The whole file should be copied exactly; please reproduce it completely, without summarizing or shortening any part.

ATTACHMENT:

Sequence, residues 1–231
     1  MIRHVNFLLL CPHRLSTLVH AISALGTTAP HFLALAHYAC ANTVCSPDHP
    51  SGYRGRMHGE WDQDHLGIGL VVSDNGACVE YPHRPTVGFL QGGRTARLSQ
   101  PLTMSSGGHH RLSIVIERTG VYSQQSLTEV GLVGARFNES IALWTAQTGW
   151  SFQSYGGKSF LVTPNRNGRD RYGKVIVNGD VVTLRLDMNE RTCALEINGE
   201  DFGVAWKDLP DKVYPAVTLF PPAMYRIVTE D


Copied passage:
Sequence, residues 1–231
     1  MIRHVNFLLL CPHRLSTLVH AISALGTTAP HFLALAHYAC ANTVCSPDHP
    51  SGYRGRMHGE WDQDHLGIGL VVSDNGACVE YPHRPTVGFL QGGRTARLSQ
   101  PLTMSSGGHH RLSIVIERTG VYSQQSLTEV GLVGARFNES IALWTAQTGW
   151  SFQSYGGKSF LVTPNRNGRD RYGKVIVNGD VVTLRLDMNE RTCALEINGE
   201  DFGVAWKDLP DKVYPAVTLF PPAMYRIVTE D